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DARN! No 50 to 65 AARP health insurance

To the AARP Hive Mind:

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I joined AARP hoping to benefit similarly to a retired friend's use of their health insurance. BUMMER - turns out we currently (hey, 'we' are all AARP, right) offer members Medicare supplement insurance but not really a good product for those of us not yet retired (ahem, let's just say born in the 1960's and not lucky enough to retire- yet).

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WHAT'S YOUR RECOMMENDATION for self - employed health insurance? Diabetes Type II is my most expensive chronic condition; plus a couple others that I treat every day.

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LOVE the help from other members I see in Community. Bring it! (please)

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Grampa wjswitzer
Enough is as good as a feast - Mary Poppins
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Honored Social Butterfly


@wjswitzer wrote:

To the AARP Hive Mind:

 

WHAT'S YOUR RECOMMENDATION for self - employed health insurance? Diabetes Type II is my most expensive chronic condition; plus a couple others that I treat every day.

.

 


Two ways to get to a result - 

 

1.  Contact a LOCAL independent health insurance broker in your area that writes for an assortment of different companies and they can give you some options. They can also tell you if you qualify for any tax credit subsidy on the exchange.  An exchange is a health insurance marketplace, i.e. Obamacare.  They can make the process easier as long as they know what they are doings.

 

2.  Go to Healthcare.gov and do the search for yourself by inputting various info - a list will come up for you to evaluate your needs/wants.  But bear in mind that these are only plans for which you might qualify for a tax credit subsidy based on your income and family make up.  If the tax credit subsidy is not in the cards for your based on your income and family make up - then there are other plans available OFF the exchange.

 

Don't forget to look at things that are important to you like who is on the network - hospitals / docs, etc., how vast or small is the network, your money - premiums, deductibles, co-pays and when they come into play, any special needs or considerations.

 

If you think this is fun - then just wait until you hit 65 and try to pick your options with all the rules of do's and don't, can'ts and cans . . . .

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Honored Social Butterfly


@wjswitzer wrote:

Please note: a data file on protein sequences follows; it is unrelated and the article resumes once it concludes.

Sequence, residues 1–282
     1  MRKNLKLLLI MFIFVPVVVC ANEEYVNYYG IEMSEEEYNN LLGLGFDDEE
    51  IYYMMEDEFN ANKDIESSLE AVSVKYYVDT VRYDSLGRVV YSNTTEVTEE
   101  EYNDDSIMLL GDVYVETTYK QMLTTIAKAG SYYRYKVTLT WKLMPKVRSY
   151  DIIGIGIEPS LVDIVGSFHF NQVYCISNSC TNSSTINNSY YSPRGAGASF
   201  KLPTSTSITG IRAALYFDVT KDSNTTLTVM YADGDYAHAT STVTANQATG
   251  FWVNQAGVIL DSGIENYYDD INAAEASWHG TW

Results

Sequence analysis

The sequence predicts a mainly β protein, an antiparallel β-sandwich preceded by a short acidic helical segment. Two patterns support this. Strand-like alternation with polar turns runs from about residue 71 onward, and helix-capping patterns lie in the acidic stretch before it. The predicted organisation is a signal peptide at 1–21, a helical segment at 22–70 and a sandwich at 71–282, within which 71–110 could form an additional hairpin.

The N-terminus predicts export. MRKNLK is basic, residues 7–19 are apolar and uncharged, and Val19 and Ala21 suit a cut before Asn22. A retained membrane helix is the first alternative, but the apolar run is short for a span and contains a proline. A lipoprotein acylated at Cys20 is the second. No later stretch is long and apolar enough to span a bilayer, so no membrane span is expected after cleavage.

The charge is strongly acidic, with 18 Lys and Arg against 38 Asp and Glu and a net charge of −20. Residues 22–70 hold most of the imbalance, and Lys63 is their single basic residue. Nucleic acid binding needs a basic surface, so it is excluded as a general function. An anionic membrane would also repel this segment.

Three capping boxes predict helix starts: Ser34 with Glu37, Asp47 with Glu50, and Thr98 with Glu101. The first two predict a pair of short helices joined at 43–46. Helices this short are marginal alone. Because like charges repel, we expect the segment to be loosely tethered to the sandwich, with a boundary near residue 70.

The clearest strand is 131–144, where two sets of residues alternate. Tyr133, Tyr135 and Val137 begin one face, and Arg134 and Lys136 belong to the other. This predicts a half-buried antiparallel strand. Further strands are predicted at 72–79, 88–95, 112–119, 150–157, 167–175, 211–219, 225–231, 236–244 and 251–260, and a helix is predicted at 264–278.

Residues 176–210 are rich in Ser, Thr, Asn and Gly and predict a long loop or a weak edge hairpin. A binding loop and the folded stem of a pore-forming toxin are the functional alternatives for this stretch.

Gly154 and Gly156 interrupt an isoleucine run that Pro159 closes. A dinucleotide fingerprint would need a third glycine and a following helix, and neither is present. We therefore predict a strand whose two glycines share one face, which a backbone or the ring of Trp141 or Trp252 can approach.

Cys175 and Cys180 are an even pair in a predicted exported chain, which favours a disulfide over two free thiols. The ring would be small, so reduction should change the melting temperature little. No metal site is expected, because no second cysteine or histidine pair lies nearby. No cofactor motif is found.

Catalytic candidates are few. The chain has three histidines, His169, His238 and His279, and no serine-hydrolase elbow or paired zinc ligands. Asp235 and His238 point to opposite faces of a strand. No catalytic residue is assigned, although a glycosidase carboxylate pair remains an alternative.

To the AARP Hive Mind:

 

WHAT'S YOUR RECOMMENDATION for self - employed health insurance? Diabetes Type II is my most expensive chronic condition; plus a couple others that I treat every day.

.

 


Two ways to get to a result - 

 

1.  Contact a LOCAL independent health insurance broker in your area that writes for an assortment of different companies and they can give you some options. They can also tell you if you qualify for any tax credit subsidy on the exchange.  An exchange is a health insurance marketplace, i.e. Obamacare.  They can make the process easier as long as they know what they are doings.

 

2.  Go to Healthcare.gov and do the search for yourself by inputting various info - a list will come up for you to evaluate your needs/wants.  But bear in mind that these are only plans for which you might qualify for a tax credit subsidy based on your income and family make up.  If the tax credit subsidy is not in the cards for your based on your income and family make up - then there are other plans available OFF the exchange.

 

Don't forget to look at things that are important to you like who is on the network - hospitals / docs, etc., how vast or small is the network, your money - premiums, deductibles, co-pays and when they come into play, any special needs or considerations.

 

If you think this is fun - then just wait until you hit 65 and try to pick your options with all the rules of do's and don't, can'ts and cans . . . .

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AWESOME. Just what I needed to know - basically confirmation, and there are not shortcuts, avoid the nonsense and do the research. Thanks @GailL1
Grampa wjswitzer
Enough is as good as a feast - Mary Poppins
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